Besides being hot, a locoto has a piney taste that gives great flavor to the resulting dish. People will discuss which are the best locotos, which vendor has them or where the best come from. They do vary substantially and, outside of the commercial farms in Arequipa, Peru, and to a lesser extent in Cusco, are not standardized. The cook’s choice of a good locoto is the first step in making a fantastic llajwa.

The next step is finding good tomatoes. This is not easy, because tomatoes do not grow in the highlands or even very close by. They grow in warmer valleys and must be trucked in, yet chilled tomatoes do not ripen well. As a result you want to find very flavorful tomatoes that are not filled with water but are packed with flavor, since they are key to this dish.

Though the tomato is indigenous to Bolivia and Peru, in fact wild ones grow all around, still it was domesticated in Meso America and only sometime after the conquest returned to the Andes.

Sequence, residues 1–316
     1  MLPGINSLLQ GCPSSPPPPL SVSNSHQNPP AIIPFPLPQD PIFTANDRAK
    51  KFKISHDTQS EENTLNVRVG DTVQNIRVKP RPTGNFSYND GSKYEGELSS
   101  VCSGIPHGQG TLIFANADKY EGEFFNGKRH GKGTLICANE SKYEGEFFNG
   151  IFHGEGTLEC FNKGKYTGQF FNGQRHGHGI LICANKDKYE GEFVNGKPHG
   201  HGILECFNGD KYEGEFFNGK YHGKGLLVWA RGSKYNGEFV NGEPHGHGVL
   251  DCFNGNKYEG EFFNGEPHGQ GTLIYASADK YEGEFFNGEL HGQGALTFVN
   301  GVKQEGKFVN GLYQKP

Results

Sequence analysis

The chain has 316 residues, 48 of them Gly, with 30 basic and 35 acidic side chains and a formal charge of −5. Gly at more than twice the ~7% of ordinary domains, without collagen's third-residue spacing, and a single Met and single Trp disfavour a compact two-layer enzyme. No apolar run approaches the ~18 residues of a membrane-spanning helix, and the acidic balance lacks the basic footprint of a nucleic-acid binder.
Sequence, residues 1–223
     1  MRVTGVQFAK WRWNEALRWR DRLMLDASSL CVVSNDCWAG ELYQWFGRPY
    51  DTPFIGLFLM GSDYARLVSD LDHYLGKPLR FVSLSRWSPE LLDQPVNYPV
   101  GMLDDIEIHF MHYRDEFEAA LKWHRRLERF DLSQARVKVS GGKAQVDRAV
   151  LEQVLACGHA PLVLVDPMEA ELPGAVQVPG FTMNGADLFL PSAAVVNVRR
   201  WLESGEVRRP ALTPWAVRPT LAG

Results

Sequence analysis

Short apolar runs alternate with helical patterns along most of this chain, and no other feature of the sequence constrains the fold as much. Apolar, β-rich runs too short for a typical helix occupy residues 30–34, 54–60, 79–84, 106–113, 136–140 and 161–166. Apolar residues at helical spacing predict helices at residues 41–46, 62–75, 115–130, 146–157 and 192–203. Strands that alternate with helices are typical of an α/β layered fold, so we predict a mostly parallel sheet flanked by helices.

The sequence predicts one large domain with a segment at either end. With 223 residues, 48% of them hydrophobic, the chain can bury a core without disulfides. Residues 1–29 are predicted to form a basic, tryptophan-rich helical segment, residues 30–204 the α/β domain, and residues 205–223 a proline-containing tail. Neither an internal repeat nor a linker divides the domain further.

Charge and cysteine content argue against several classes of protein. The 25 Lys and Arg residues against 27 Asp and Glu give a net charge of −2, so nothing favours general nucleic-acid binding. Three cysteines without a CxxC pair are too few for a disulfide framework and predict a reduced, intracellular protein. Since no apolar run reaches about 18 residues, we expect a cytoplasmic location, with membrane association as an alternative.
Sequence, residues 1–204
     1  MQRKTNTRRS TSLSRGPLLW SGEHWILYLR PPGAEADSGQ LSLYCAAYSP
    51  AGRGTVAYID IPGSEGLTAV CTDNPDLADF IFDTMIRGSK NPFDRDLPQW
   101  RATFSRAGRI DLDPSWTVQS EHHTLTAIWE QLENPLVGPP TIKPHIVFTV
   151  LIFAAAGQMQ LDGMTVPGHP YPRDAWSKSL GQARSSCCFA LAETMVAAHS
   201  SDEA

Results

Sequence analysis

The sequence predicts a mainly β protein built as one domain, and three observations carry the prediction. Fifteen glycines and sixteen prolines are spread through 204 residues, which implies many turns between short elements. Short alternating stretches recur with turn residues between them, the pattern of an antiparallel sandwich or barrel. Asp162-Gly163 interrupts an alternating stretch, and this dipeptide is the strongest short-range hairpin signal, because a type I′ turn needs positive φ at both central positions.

These two ingredients are basic. Now you have to make a choice, how peppery or how tomatoey do you want the sauce. Finding that balance is tricky, especially since these two ingredients do not come in standard sizes.

Finally, though many people do not add it, you can choose to add an herb. The classic herb is quirquiña, also called quillquiña, or some variant. It is closely related to the Mexican herb pápalo, though its leaves are small and the pápalos are large, hence its name which refers to a butterfly. In either case these are quite pungent herbs and a little goes a long way.

The classic way to make a llajwa is to slice and seed the locoto, slice the tomatoes and then grind them finely by hand on a flat surfaced batán or on a different grinding surface. This makes the best sauce by far, because of the textures.

People talk about how different persons have different abilities in making the llajwa perfect. Many people today use a blender, though it produces a product that is suboptimal. Convenience often wins out and younger people forget the textures and quality of older styles of preparation. In any case, if using a blender—or better a food processor, be sure to blend in pulses to not end up with a foamy sauce.